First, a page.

just go ahead n apply 4wat ur mind tells u...AN ASSISTANAT IN FRANCE.

    ReplyDelete

Post a Comment

Popular posts from this blog

The 20 lakh package

In the corner of a room Clustered only with a
rusty stove And an old bed, A tattered book he read to his sister Trying to put her to bed.
The day had been long He had to cook with Baba And clean and dust, The woman of the house Had lads she could trust
At night Baba watched over the neighborhood And him, over their humble abode For his earnest parents This was his gentle ode
Finally came home Mommy Who was playing nanny To another little angel Whose parents took turns too Earning their hefty packages

कविता

कविता लिखना किसी इंसान के बस की बात नहीं है
कविता ख़ुद ही अपने आप को लिखती है
इक ज़रिया है बस हम तो
कविता ख़ुद ही ख़ुद को आईना में दिखती है

यह ख़ुद अपनी ज़ुबां चुनती है
लफ्ज़ अपने ख़ुद ही ढूँढ़ती है
कोशिश कर लेना तुम कभी
झूठ लिखते ही ये टूटती है

देर रात यह सपने में आती
मन के दरवाज़े पर दस्तक देती
लिफ़ाफ़े में बंद चिट्ठी में
अपने आप को तुम्हें दे जाती
लिखावट काग़ज़ पर तुम्हारी है बेशक़
पर कलम में सियाही तो वो ही भर जाती

कभी यूँ ही शाम को मिलने आती
खिड़की के पास बैठ चाय की चुस्कियाँ लगाती
रोम रोम में इक महक सी भर जाती है
दिल की धड़कनें कानों तक गूँज जाती है
बाहर की खिड़की खोलते खोलते
यह रूह के दरवाज़े खोल जाती है

एक बार कविता हर किसी को छूने आती है
जब टुटा हो दिल प्यार में, तो यह कुछ ज़्यादा जी लुभाती है
जब हाथ बढ़ाए तुम्हारी ओर, झट से थाम लेना, साहीर
यह बार बार गले नहीं लगती है।

L’Amour Courtois: Really a phenomenon of just the Middle Ages?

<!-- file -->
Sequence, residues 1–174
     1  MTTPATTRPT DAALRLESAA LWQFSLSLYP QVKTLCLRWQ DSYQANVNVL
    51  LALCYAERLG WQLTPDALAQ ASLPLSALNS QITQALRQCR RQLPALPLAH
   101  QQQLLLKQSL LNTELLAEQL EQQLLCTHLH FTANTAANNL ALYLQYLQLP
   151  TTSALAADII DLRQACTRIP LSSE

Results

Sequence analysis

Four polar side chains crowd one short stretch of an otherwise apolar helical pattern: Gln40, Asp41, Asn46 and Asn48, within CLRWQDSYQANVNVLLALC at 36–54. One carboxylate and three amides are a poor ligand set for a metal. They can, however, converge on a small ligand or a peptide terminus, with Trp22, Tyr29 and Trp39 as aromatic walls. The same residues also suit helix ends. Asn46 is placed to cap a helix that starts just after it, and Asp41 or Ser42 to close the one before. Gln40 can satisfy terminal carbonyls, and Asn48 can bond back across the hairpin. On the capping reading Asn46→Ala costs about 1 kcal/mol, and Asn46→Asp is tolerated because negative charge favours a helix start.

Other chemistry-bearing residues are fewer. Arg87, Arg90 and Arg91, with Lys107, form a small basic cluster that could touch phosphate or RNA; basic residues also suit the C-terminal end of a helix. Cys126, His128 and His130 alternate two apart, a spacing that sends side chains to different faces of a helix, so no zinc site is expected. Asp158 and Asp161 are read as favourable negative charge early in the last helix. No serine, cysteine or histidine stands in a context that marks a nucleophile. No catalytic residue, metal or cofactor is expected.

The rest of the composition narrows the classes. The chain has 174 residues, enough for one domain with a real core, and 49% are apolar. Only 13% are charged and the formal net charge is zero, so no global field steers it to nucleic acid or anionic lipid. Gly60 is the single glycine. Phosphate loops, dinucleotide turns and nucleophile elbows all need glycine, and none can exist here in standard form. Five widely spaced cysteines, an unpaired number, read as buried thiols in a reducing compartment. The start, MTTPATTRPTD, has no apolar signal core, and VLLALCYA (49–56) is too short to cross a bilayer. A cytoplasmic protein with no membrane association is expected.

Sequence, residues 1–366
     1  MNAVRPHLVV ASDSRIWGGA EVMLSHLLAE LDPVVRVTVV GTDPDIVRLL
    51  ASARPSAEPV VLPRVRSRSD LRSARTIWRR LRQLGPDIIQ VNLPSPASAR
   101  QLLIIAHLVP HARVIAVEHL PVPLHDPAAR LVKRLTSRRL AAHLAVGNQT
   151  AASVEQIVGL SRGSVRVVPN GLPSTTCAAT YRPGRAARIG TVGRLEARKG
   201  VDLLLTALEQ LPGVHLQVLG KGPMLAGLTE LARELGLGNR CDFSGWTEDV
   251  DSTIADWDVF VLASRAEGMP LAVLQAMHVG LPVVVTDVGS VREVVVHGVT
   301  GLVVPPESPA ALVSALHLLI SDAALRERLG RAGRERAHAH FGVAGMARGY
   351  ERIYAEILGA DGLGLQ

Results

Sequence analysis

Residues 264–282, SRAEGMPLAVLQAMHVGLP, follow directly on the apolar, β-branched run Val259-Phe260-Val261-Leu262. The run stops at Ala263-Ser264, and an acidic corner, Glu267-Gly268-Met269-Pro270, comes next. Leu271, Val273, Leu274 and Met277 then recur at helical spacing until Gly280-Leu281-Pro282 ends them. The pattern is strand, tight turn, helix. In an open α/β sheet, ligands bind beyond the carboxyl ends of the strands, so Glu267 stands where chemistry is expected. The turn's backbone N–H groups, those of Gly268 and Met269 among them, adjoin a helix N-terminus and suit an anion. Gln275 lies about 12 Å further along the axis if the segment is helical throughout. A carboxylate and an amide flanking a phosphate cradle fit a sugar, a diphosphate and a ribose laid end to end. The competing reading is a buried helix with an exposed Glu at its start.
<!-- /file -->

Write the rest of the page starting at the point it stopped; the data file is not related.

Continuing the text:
After the “epopee” or epic that greatly valorizes the honor of a chevalier who dies in the battle field, literature took on a new dimension, with love playing an essential role. The chevalier was now more eager to prove his worth to his mistress than to his land. It was not just important to love but win his love over the others.
Almost ten centuries later, the concept of love, for men, does not seem to have changed much. This is especially true for Indian men (am not commenting on others as I hardly know any). L’amour courtois rejects all kinds of indiscretion and also any hasty confession of love, everything has to be done as per a “code of conduct”: friendship --> courtship (the most important and probably also the longest lasting stage) --> love.
Is it related to the masculinity of men and their perpetual need to prove it to themselves and to others? Even in today’s age, men prefer a woman who plays the role of the Dame courtoise, or of the Indian “devi” in the Indian context…